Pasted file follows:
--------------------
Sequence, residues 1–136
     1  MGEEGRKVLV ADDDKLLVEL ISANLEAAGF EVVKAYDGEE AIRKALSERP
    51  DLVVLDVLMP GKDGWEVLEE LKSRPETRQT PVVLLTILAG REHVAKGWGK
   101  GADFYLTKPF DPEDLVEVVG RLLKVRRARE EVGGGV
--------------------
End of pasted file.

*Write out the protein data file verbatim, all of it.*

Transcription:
Sequence, residues 1–136
     1  MGEEGRKVLV ADDDKLLVEL ISANLEAAGF EVVKAYDGEE AIRKALSERP
    51  DLVVLDVLMP GKDGWEVLEE LKSRPETRQT PVVLLTILAG REHVAKGWGK
   101  GADFYLTKPF DPEDLVEVVG RLLKVRRARE EVGGGV